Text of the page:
A Pendleton Round-Up poster, 1927
by Mary Foran
The Carnival left town and the food vendors closed up shop. The cowboys and cowgirls loaded up their horses in their horse trailers and left town for other Rodeos around the country and Canada.
The Indian Village was taken down and the tribes returned to their reservations after putting on a most interesting and colorful show of their native costumes and dances.
The winners of the Bucking Bronco riding and Bull riding contests gloated in their victories of man vs. beast, as did the calf-roping and steer wrestlers.
The most exciting event was the Indian bareback relay race in which Native Americans in costume raced around the track changing horses in mid-stream.
We didn’t participate in the actual Rodeo this year, although we did watch the whole thing on television. But we couldn’t miss the Westward Ho parade, the longest non-motorized parade in the West.
The horses clipped their hooves to the beat of the high-school bands, and the wagons were authentic old-West ones which had been saved in museums over the years.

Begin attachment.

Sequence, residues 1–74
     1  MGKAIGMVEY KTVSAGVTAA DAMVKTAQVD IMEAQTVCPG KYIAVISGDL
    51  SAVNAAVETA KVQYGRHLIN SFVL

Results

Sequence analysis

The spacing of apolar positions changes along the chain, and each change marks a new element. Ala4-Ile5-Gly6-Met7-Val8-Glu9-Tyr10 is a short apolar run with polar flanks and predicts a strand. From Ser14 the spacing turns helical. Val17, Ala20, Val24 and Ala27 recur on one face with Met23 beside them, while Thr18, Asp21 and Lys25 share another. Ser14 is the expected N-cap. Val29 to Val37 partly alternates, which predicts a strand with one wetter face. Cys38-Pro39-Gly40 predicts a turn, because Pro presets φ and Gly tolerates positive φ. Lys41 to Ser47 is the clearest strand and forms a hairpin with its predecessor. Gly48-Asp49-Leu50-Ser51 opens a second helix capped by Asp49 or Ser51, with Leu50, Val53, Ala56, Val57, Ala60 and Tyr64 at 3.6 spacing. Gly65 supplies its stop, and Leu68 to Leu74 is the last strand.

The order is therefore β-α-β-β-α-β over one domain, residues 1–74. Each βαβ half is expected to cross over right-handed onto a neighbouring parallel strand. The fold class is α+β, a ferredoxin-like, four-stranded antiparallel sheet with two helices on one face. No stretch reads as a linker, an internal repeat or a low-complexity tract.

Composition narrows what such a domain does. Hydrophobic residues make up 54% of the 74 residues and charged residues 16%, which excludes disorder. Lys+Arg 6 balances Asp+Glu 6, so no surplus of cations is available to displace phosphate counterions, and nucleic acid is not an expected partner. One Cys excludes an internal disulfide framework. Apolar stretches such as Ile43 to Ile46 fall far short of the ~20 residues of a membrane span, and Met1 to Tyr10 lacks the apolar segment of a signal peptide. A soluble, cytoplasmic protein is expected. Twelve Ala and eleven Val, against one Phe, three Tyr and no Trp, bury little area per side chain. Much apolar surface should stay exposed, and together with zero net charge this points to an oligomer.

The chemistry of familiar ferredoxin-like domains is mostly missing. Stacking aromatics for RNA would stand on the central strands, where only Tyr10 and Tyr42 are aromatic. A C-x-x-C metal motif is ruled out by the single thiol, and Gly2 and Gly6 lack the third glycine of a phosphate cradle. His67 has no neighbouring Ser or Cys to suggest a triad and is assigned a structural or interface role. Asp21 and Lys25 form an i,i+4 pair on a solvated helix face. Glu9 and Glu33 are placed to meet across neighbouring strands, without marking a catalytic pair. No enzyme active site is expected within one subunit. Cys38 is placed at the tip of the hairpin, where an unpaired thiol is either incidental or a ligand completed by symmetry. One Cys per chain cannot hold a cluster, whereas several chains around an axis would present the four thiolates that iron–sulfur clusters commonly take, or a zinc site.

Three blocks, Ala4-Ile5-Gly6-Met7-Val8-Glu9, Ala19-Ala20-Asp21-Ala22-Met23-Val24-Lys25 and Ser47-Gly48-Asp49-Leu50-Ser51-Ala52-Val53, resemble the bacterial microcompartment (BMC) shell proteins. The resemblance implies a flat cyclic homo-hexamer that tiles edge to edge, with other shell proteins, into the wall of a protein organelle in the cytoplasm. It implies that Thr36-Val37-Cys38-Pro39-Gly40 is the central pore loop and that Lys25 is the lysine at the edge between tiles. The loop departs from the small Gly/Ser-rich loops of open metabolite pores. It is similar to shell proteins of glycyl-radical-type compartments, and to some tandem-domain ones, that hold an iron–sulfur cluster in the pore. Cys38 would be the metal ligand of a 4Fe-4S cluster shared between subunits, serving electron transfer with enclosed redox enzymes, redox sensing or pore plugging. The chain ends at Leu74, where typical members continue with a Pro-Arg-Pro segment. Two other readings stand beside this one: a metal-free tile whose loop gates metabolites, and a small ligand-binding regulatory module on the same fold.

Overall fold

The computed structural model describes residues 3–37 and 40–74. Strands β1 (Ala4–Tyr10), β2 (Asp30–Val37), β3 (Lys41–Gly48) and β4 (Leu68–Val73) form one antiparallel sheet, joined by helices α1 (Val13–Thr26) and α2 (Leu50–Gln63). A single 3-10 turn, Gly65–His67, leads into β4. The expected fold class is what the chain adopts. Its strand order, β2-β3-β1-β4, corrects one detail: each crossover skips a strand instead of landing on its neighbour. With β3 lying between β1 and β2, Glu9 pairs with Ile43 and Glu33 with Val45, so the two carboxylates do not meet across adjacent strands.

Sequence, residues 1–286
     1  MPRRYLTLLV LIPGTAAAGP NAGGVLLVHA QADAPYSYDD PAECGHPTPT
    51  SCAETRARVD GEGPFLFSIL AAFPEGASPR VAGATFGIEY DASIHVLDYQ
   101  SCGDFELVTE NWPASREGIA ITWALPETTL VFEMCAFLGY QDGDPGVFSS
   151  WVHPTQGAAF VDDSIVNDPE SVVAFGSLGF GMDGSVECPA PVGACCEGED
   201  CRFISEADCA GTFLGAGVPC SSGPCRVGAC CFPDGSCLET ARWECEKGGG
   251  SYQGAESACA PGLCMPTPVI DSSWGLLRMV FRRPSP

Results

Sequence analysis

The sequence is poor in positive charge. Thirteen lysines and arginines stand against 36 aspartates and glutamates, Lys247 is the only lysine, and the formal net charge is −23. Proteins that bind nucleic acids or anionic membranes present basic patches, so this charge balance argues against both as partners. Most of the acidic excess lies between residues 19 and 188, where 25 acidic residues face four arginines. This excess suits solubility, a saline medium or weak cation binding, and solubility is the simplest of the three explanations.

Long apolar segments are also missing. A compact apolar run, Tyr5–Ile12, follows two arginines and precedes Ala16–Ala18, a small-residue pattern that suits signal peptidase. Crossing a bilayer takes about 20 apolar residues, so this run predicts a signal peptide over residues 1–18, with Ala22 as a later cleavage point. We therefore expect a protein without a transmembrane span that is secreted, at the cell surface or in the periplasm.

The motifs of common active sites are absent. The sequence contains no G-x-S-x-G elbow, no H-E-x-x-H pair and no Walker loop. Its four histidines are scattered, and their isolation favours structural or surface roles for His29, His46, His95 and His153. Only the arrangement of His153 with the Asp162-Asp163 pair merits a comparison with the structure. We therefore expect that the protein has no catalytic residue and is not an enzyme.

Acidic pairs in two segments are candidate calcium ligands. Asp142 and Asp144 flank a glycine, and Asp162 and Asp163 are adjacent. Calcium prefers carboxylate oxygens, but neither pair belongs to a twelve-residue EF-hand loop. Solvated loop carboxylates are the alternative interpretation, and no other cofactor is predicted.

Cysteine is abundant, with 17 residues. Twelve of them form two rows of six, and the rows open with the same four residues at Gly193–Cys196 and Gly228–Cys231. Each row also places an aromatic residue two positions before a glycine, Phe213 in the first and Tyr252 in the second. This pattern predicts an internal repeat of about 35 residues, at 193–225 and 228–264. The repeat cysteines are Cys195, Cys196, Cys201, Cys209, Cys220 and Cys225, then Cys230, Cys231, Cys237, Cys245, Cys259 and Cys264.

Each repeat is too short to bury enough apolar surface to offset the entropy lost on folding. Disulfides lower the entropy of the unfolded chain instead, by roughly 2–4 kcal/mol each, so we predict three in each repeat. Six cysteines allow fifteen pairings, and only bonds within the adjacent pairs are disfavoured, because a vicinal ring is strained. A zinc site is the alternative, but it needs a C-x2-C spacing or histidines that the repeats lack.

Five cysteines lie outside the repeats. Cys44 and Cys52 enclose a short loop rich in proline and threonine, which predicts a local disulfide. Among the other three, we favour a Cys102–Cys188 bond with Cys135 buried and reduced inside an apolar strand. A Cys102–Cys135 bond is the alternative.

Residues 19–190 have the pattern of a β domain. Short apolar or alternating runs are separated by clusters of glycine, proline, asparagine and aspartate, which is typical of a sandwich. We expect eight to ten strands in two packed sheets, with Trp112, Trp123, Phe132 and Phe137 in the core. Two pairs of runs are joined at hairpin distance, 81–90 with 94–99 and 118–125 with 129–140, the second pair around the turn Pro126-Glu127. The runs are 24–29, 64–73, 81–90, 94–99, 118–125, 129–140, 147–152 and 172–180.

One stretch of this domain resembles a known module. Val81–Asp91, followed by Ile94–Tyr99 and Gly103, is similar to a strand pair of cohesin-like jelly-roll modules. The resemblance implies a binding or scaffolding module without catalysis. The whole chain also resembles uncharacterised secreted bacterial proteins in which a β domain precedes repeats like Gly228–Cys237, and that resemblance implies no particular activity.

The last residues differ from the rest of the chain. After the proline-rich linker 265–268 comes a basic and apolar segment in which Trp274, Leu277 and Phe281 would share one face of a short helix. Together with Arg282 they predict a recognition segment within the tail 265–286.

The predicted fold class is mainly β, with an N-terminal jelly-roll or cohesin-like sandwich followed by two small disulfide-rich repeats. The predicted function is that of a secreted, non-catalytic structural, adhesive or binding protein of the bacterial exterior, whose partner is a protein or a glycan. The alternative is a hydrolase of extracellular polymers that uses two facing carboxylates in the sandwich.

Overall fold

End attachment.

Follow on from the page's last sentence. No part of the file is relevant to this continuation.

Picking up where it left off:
The crowds were thick and un-masked, and cowboy hats and boots were the norm.
But all the hustle and bustle disappeared the day after closing, with Main St. open again to traffic and the horse pooh cleaned up as if it had never been there.
Now Pendleton is back to being a sleepy little town, awaiting another Round-up time next year in September.
Featured image/Wallace Smith, CC BY4.0
Rodeo Indians/Bobjgalindo, CC BY-SA4.0
Iconic Pendleton boot/Dough Kerr, CC BY-SA2.0
Pendleton (Court Ave.)/Joe Mabel, CC BY-SA3.0
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